Tabloids have to run the flashy headlines with the most shocking stories. In order to get those stories, they may have to exaggerate the truth or full on lie in their stories when it comes to big scandals such as break-ups, marriages, and pregnancies. This has become such a problem that the website Gawker has decided to do a test to see whether these tabloid publications (US Weekly, Life & Style, In Touch, OK!, and Star) would lie on their covers as well as in the issues. All of the covers and all of the content scored less than 50% in the telling the truth category. This goes to show that the tabloid industry thrives off false information to get their revenue. Consumers have to know that most of these stories are based off lies but they do not care because they want the story to sell so badly that they do not care if about the validity of the information. In fact, there is so much lying in this industry that it is hard for tabloid writers to have other writers take them seriously. According to a disgruntled ex-tabloid writer Krista Bradford, buying stories is “a tradition” and they will do whatever it takes. Truth is rarely a concern when revenue is on the line. She also mentions that once you are in the genre it is hard to get out of and it damages your reputation. She said “I met with network news people and they were telling me frankly the tabloid thing was quite a problem”. Genres that tend to focus on more serious work have a hard time taking the tabloid industry seriously.
Although tabloids are a staple in the writing industry, they have also caused a lot of controversy. One of the first controversies is the blatant sexism that appears in the headlines. When talking about women celebrities, headlines are often focused on their body parts, clothing choices, and overall appearance rather their professional or social achievements. To challenge this notion, the literary magazine Vagenda, decided to have their followers take sexist tabloid headlines and re-create them without the sexism. For example, one tabloid’s original sexist headline said “It’s a bit nippy out! Rihanna shows off her nipples…AGAIN” was changed to “Women goes to sports event wearing a top”. This example showed how the tabloids always focuses women’s body parts even in the most unessacery situations. Another example was the tabloid’s original sexist headline was “She’ll do anything for Girls! Luna Dunham shows off her body in unflattering shorts as she films hit show” to “Hugely talented writer continues to work on hit TV show”. This example not only degraded Lena Dunham’s appearance but used her hit TV show Girls as a pun to downplay her accomplishments. This is the type of sexism in the tabloids is degrading to women because it focuses on what’s on the outside rather then what is on the inside. A newfound respect for women must be acquired in order to gain more respect in the writing community.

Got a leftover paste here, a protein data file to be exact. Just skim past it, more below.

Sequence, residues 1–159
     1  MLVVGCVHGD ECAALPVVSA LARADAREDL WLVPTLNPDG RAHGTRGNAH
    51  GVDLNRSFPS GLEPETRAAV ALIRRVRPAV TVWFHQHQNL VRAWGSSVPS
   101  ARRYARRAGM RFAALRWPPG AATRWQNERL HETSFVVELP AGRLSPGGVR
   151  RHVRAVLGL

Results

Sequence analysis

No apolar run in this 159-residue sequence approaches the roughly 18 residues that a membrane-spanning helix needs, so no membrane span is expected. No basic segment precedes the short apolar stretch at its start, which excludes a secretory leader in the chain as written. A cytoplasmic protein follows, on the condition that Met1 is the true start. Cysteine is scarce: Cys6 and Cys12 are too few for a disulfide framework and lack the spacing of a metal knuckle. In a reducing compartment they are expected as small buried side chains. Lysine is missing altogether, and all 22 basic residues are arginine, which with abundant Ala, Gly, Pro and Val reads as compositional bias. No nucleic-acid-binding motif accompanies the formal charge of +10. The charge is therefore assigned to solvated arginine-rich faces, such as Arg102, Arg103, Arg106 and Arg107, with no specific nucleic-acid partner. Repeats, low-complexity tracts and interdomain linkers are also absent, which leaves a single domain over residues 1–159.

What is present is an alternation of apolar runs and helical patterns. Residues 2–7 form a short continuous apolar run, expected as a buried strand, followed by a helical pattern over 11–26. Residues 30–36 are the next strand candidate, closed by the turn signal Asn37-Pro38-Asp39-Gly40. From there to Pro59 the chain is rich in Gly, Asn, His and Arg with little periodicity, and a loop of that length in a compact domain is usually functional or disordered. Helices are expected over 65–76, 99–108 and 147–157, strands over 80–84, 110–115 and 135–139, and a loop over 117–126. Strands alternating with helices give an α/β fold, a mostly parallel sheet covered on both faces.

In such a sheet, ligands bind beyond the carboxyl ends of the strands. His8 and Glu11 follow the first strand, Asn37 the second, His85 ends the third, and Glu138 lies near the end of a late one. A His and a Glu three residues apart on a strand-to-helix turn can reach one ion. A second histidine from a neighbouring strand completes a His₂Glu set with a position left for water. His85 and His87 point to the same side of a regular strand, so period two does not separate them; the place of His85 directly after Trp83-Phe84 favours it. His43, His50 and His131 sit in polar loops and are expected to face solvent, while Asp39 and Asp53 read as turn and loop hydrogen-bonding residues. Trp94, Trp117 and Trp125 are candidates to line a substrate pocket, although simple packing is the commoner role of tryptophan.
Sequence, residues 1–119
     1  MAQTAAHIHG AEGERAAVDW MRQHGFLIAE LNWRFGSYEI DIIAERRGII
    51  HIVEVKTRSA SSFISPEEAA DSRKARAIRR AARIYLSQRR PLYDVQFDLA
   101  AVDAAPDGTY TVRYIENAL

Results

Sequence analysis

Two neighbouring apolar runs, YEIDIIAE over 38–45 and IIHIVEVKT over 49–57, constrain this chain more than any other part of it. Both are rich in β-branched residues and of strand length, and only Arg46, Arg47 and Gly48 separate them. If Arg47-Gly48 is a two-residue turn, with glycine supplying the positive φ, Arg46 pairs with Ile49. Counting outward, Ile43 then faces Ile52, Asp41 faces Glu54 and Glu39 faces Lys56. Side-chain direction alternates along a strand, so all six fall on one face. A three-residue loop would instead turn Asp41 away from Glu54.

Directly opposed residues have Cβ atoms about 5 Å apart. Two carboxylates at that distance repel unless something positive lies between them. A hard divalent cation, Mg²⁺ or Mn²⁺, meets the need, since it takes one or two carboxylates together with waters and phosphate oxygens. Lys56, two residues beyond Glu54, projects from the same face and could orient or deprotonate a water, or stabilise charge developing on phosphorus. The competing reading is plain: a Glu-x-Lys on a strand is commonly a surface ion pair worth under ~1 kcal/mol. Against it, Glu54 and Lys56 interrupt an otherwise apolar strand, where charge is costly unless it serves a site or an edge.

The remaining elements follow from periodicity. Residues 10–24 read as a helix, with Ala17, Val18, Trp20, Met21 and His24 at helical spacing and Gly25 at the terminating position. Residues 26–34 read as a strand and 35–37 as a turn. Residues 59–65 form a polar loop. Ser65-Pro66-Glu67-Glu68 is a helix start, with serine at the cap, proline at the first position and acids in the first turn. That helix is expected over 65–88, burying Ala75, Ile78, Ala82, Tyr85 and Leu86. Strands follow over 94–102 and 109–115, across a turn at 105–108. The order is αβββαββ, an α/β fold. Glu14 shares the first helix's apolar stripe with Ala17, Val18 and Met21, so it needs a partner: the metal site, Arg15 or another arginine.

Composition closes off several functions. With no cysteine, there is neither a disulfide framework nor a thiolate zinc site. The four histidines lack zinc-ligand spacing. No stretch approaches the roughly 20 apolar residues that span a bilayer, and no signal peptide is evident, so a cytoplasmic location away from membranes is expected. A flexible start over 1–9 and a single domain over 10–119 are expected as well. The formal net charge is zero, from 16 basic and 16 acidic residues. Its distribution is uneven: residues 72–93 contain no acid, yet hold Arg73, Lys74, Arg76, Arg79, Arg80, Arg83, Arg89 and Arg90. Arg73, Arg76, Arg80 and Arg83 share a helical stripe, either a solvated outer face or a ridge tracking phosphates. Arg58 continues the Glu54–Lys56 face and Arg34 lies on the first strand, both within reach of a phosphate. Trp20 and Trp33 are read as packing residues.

From a passerby’s view, a tabloid is nothing but a trashy magazine consumed by young adult women to kill time but that could not be further from the truth. Writing a tabloid is an art. The tabloid writer has to figure out a strong headline and with an eye-catching picture and write juicy, outrageous stories that will keep the reader hooked and give the reader material to talk about with others. The tabloid industry has quite the reputation. The first issue that comes to mind is the lying that is rampant in industry. Nearly, every tabloid lies. The other problem that seems to be rampant is sexism. When talking about other women, the tabloids tend to focus on clothes, body parts, and overall appearance instead of their achievements. This is particularly degrading to women because women are more than just their body parts. These issues do not deter tabloids from making an impact on how gossipy writing is shaped from generation to generation. The reason why tabloids sell is because the hype surrounding their content which other genres have accustomed too. Despite its negative reputation, the tabloid genre has shaped the way writers capture the hearts of their readers.